TBMCS system

Intelligent Software Solutions (ISS) has been awarded a contract to provide support for the US Air Force’s (USAF) command and control applications and information services development (C2AD) contract.

Awarded by the Air Force Life Cycle Management Center (AFLCMC), the multiple award indefinite delivery / indefinite quantity (ID/IQ) contract is valued at $249m for all seven prime contractors.

As part of the contract, the company will support the air force in replacement and extension of its legacy Theater Battle Management Core Systems-Force Level (TBMCS-FL), in addition to the development of C2 applications and information services for air, space and cyberspace domains in the next five years.

ISS C2ISR Systems vice president Marcus Featherston said the company has been delivering critical C2 software and applications in support of the USAF’s operations worldwide for many years.

"The company will support the air force in replacement and extension of its legacy TBMCS-FL."

"Through this contract and others like it, we will continue to help the air force enhance its C2 and data fusion capabilities well into the future," Featherston added.

Capability packages (CP) provided under the contract are expected to address requirements throughout the full software lifecycle, starting from concept development through to fielding and sustainment activities.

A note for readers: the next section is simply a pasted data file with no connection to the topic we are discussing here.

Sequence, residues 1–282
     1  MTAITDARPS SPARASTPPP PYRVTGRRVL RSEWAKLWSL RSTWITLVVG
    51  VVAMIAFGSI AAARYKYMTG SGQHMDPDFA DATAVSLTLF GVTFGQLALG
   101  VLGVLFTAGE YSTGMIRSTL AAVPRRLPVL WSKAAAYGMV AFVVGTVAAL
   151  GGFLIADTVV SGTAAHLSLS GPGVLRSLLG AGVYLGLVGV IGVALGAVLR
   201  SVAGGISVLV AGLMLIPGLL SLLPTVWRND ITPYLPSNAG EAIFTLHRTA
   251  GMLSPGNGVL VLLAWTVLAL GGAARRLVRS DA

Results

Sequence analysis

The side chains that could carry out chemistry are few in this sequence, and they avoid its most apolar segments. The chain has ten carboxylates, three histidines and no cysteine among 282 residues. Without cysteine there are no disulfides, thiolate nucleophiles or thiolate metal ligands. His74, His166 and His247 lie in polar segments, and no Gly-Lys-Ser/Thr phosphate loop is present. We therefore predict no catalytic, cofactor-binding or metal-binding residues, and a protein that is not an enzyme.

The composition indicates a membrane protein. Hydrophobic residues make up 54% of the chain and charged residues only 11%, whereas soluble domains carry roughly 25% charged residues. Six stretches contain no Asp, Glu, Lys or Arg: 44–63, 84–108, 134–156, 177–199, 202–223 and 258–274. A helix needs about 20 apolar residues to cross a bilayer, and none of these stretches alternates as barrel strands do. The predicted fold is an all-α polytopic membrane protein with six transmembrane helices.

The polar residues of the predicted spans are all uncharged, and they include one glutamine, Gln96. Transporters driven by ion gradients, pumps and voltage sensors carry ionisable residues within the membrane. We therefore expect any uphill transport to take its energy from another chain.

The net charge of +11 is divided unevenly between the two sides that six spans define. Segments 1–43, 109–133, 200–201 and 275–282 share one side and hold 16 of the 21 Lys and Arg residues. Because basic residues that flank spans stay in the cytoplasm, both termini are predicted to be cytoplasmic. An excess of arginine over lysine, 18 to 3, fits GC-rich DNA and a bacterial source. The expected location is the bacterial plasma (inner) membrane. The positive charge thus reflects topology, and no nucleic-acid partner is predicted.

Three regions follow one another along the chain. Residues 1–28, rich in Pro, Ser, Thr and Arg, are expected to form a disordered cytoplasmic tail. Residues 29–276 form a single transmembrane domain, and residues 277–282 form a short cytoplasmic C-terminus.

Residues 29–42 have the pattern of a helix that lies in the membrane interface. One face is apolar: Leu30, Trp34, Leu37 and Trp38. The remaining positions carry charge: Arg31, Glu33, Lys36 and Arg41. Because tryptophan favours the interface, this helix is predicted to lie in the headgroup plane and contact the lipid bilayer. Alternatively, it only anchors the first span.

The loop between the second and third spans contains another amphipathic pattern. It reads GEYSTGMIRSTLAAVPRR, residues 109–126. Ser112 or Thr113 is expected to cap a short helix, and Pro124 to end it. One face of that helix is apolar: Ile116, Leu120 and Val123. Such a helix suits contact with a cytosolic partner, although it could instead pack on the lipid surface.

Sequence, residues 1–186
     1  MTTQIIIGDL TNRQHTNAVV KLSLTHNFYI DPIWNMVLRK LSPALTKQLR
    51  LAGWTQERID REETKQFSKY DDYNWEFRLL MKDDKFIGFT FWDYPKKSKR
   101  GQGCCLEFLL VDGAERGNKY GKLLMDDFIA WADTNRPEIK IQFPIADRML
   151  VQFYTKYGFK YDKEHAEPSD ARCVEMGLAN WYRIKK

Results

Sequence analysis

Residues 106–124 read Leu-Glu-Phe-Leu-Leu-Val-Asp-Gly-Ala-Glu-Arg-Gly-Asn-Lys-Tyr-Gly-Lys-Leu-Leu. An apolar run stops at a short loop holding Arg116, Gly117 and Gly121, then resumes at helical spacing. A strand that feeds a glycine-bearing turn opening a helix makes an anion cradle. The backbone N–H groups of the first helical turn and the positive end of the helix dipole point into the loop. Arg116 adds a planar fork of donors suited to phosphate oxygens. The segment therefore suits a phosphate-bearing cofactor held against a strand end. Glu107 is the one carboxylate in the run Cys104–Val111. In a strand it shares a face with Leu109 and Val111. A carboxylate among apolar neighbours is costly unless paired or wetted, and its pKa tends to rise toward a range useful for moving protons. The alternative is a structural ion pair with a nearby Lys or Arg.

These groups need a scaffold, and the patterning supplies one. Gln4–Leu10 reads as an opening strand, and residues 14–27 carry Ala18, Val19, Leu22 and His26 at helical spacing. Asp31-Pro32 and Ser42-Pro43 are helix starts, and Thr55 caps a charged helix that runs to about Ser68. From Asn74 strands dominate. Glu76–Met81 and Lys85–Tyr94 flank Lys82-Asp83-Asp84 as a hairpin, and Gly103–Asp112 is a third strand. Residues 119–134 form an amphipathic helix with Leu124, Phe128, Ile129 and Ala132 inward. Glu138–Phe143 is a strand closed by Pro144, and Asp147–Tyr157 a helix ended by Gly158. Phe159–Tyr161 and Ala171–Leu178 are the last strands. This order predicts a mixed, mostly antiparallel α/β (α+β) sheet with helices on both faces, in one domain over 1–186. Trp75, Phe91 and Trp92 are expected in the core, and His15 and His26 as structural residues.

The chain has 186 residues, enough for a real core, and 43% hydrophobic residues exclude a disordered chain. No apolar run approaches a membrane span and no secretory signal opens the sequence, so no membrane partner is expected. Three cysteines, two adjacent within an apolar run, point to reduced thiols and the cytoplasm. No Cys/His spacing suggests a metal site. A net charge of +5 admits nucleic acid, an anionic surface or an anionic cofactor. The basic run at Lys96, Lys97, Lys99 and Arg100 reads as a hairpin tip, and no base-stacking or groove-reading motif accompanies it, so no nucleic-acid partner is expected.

The company will also deliver architecture and functionality improvements, in an effort to enhance warfighter productivity, compared to current systems, which in many cases are using technology originally deployed more than a decade ago.

ISS-led teams include Accenture Federal Services, Boeing, ThalesRaytheonSystems, Ultra Electronics Advanced Tactical Systems, Data Tactics Corporation, Tactical Communications Group and Triquetra Technologies.

TBMCS is a software and hardware application tool used by the Joint Forces Air Component Commander (JFACC) and USAF combat forces to plan, direct and control air operations.

Image: A USAF personnel member monitors the Theater Battle Management Core Systems during a training exercise. Photo courtesy of US Air Force, photo by Gina M. Chiaverotti.

Defence Technology